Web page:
Sure. Right. Everybody’s so depressed because the world is coming to an end. Iran. North Korea. Stormy. Blah. Blah. Blah.
Get over it.
It was a phenomenal week in France. The entire nation is grinning. Through one of those uniquely French confluences of history, astronomy, religion, nationalism, culture, and savior faire it just happened that there were two national holidays this week. Tuesday was 8 Mai, VE Day, the date of the German surrender in World War Two. Of course, everything was closed. Nobody worked. We watched the parade. Thursday was Ascension, a religious holiday that is not celebrated in much of a religious way, after all in a recent survey only 27 percent of people in France replied that they believed in God’s existence. Nonetheless, on Ascension, and a host of other religious holidays, schools and businesses are closed and nobody works.
Two holidays in one week is a big deal. But wait, in France there’s more. When a holiday falls on a Sunday, it is celebrated – meaning businesses are closed – on the following Monday. Even better, when a holiday is on a Tuesday or Thursday the accepted practice, no, the mandatory practice is to “faire le pont,” make a bridge. To the weekend. A Tuesday or Thursday holiday creates a four-day weekend.
So you can guess what happened this past week in France. We had both a Tuesday and a Thursday holiday. Back to back four-day weekends. In other words, a one-day work week for the entire country. We celebrated working Wednesday by going for lunch to a favorite restaurant next to the public market in Dijon. Strangely enough, it was still crowded at 3 p.m.. Everybody must have been exhausted from a full morning’s labors.
Thats why it was such a good week for France. So much better than the week before, which only had a Monday national holiday, May Day. Or the week after next week, which also only has a single, lonely holiday, Pentecost on May 21.
May is such a great way to ease into summer, otherwise known in France as August. When everything shuts down.
All this helped us ease into our four months in France. We arrived on May 2 and drove to Senlis, a medieval city a half hour north of Charles de Gaulle airport. We stay at a small hotel there, La Porte Bellon, and do a cold turkey transition to French time to get over jet lag. And overload our systems with pain au chocolat. And hold our breathe to see what surprise France will toss our way.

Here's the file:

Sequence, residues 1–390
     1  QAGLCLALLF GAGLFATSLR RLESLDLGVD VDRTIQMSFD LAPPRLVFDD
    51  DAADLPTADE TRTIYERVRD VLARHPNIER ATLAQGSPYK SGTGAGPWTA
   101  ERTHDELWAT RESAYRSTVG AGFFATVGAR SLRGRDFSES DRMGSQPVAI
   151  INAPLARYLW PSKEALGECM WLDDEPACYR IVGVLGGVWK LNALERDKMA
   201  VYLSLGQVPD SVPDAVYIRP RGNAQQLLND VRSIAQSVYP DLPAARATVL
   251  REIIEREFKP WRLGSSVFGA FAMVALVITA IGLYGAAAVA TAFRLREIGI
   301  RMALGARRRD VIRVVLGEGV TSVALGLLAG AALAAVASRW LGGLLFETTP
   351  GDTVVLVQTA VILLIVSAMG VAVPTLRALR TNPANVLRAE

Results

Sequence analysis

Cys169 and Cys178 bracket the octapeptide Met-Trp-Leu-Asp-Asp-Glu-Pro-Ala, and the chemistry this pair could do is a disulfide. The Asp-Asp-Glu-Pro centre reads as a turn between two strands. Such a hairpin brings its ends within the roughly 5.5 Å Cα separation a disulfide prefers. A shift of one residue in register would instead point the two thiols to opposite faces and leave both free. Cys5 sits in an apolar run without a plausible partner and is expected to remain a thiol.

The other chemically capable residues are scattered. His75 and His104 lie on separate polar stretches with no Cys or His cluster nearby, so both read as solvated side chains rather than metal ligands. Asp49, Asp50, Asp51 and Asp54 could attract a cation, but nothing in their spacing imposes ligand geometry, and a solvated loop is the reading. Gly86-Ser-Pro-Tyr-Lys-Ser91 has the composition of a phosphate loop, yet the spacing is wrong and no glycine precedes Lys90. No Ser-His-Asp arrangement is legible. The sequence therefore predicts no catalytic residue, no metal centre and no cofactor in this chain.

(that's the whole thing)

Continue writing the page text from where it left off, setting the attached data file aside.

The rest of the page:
This years surprise was to wander down an alley and walk into the French Revolution. A movie company was filming a TV series based on a Victor Hugo novel about the French revolution. The no parking signs were taken down and, voila, the streets looked unchanged from 1789. After dropping hints about my winter work as an extra alongside such luminaries as Daniel Day-Lewis (in The Crucible), John Travolta, (in The Forger), Mark Wahlberg (in Patriots Day), and some totally unknown German actors (in a German TV series that films on Bostons North Shore every year and for some reason keeps hiring me), we were given an introduction into how the special effects for the Revolution work, bullets blowing chunks off specially-engineered bricks. Try as I could, however, I couldn’t get a costume as a figurant.
But we did wander onto the set as the troops were preparing to storm the revolutionaries’ barricade.
After watching the Revolution we popped into our tiny Citroen C-1 rental car, drove to the barge to pick up our bikes, and made our way to Burgundy, to Meursault smack in the middle of the best wines in the world, nay, in the Universe. We’d rented a little apartment in Meursault for two weeks to further ease the transition into Frenchiness. And also because Sandra set her limit for actually living on a boat at three months.
So we’ve spent the past week walking and biking through Burgundian vineyards, eating snails and coq au vin, getting together with French friends and slowing, slowing, slowing down. Today was typical.
Morning walk to the boulangerie for pain au chocolat. Drive over to the next town, Auxey-Duresses to drop in on a vigneron we met five or so years ago, Domaine Michel Prunier et Fis. Father and daughter (for some reason mother doesn’t get billing in the domaine name, although she’s the one who took our money) make near-perfect wines at reasonable prices. Reasonable meaning a bottle of premier cru costs less than a glass of a California pseudo-Chablis at home. We bought a case. And a few bottles of their cremant, sparkling wine that can’t be called champagne because it isn’t made in Champagne.
We then drove a few towns over to the Chateau de Chamilly. The roads near Meursault were plastered with signs for a family fair at the chateau and it seemed as if it would be an off-the Rick-Steves-radar event. It was. A hundred kids got to bounce around in the chateau gonflable, an inflatable bouncy castle.
Meanwhile their parents, after handing over 3 euros for a wine glass spent the rest of the day sampling the products from the chateau’s vineyards.
We bought some goat cheese that the goat cheese lady told us she’d made that morning. And pizza made in the castle’s outdoor bread oven, heated by burning old vine stock.
And we bought a jar of cassoulet de canard from the neighboring duck farmer for dinner.
Next week we’ll be celebrating both our birthdays – they’re just a day, and several years, apart – by taking a hot air balloon over the vineyards. Then one more week of acclimating to France and we’ll be ready to set off on the 150 kilometer Canal du Bourgogne, north to south through the heart of Burgundy.
Its so nice to be back.